It was a horrible time. My grandfather, possibly the most revered man in my life, had been gone just over a year. My grandmother had chosen to follow him 14 months later, on Christmas Eve. My crazy aunt was back in town for the services and nothing was going according to plan.
My grandmother had not been a happy woman. She'd married wrong perhaps. Or had always pictured herself with more. Maybe she'd just woken up perpetually on the wrong side of the bed. For 76 years. Who knew really? All I did know is that at my ripe old age of twenty-nine, I was saying goodbye to a woman who had not liked me from the get-go and over time, I'd learned to return her sentiment. It was a mutual thing. Oh, we loved each other - we were Southern women after all - but like? Not a damned bit.
I sat in the third pew back, gripping my best friend's hand so tightly she was probably praying for forgiveness for some unknown sin. Not because I was wrought with guilt or even all that upset. No, I was cutting off Li's flesh because my big-haired, red-headed aunt was pacing cautiously near the open casket while my mother spoke in hushed tones to the preacher about the plan. I was nervous watching the woman bob and weave, near the pale features of her mother.
I knew from past experiences that there was nothing to prepare for one of my Aunt G's infamous flip-outs, but I tensed and braced anyway like someone waiting for the impact from a rear-end collision. My mother gesticulated quietly. She glanced at her sister. A sly finger shot out, pointed once to her younger sibling then gently rocked back and forth in warning. I knew that move. I'd seen it many times in my life.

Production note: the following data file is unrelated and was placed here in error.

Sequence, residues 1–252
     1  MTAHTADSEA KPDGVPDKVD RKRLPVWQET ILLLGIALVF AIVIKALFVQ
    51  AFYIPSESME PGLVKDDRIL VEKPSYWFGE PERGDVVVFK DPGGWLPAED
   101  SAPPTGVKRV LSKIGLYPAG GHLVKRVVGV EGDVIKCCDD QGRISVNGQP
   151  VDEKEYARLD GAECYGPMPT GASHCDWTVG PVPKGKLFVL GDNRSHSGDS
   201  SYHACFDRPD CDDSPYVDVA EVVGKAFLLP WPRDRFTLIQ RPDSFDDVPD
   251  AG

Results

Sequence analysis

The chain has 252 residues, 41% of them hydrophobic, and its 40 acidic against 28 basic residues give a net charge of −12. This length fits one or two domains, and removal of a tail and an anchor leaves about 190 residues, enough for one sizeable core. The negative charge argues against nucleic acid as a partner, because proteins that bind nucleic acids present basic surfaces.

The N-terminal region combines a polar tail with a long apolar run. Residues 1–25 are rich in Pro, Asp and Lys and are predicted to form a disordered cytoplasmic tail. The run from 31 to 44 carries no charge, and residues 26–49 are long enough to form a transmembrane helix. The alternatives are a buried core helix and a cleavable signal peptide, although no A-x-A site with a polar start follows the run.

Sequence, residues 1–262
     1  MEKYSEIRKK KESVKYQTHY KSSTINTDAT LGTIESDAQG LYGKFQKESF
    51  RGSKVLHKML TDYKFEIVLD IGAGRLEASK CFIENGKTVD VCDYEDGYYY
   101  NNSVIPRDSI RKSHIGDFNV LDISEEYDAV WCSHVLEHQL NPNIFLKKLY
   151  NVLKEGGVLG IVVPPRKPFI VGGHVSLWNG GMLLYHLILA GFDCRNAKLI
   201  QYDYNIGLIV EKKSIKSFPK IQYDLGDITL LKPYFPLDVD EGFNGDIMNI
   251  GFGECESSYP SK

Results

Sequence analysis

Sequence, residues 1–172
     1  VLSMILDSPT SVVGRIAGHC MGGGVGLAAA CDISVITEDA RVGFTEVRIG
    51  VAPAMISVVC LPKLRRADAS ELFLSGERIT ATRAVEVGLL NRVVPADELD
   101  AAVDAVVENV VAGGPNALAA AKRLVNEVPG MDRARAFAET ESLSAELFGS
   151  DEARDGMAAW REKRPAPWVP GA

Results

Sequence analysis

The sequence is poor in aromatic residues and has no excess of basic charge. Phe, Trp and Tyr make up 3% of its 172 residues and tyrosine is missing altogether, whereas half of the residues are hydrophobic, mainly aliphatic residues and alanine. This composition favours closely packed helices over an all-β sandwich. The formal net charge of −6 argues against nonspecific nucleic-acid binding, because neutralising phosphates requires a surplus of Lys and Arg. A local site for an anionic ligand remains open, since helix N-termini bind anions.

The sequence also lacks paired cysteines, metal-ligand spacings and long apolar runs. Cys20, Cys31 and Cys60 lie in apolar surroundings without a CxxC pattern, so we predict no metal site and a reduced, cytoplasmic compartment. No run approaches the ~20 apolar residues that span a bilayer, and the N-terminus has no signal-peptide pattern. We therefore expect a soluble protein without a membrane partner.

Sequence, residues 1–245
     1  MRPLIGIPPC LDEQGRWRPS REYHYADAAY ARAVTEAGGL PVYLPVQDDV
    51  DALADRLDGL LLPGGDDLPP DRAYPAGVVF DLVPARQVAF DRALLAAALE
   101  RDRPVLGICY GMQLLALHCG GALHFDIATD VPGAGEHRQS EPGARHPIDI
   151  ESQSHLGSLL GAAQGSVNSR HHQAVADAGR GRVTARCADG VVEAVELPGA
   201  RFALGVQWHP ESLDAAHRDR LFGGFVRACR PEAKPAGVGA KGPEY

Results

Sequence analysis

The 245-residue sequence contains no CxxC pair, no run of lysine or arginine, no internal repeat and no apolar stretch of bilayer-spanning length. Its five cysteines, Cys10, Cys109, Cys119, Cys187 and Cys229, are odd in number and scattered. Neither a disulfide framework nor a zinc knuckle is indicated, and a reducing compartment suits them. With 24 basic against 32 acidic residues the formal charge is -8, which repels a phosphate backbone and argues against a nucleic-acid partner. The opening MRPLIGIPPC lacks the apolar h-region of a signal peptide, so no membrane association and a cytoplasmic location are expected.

That subtle gesture meant, "No ma'am." Simple, yet effective. Do not do that. Don't get near that. Do not act like that. Do Not Make a Scene. Period.
My eyes moved back to my aunt. She nodded almost imperceptibly. She'd gotten the message. I relaxed a bit. I took in the noticeably empty wake room. There were a few attendees but not like that of her husband's just the year before. I felt a pang. No one deserved a less-than send off.
Out of the corner of my eye, I watch Aunt G turn towards her mother and place her hands on the edge of the open casket. Oh no. No no no no no. I looked back towards my mother; she wasn't watching. No no no no no no. Not good.
Aunt G laid her forehead on the wood in between her palms and weeped. Loudly. My mother looked over and frowned. Aunt G raised up and ran a hand over her mother's now frozen features. No no no no. Definitely NOT good.
My aunt's hands straightened my grandmother's hair, fidgeted with her blouse, her hands... I looked to my mother, willing her to wrap things up with the Man of God.
"Elaine!" I heard my aunt hiss, loudly. "E-laine!"
My eyes were firmly fixed on my mother's profile, mortified yet terrified to turn and look.
"G--," my mother responded with measured calmness and in the same hushed, yet not, tone. "Not now."
"Ee-laine!" My aunt's hiss became even more pronounced.
"I'm talking." My mother sounded as though she were talking to a young child and not a forty-something year old woman.
"Eeeee-Laine!" My aunt sounded as though she were about to burst.
My mother's head whipped around, eyes brimming with fire. I couldn't help but turn my gaze in the same direction.
There stood my aunt, holding up the edge of my grandmother's white skirt for all the world to see, pointing underneath the hem. "They didn't put no drawers on mama!"
The last thing I heard as I slid out of the bench and practically hit the ground at a run for the exit was my mother saying, "G! Put mama's dress down!"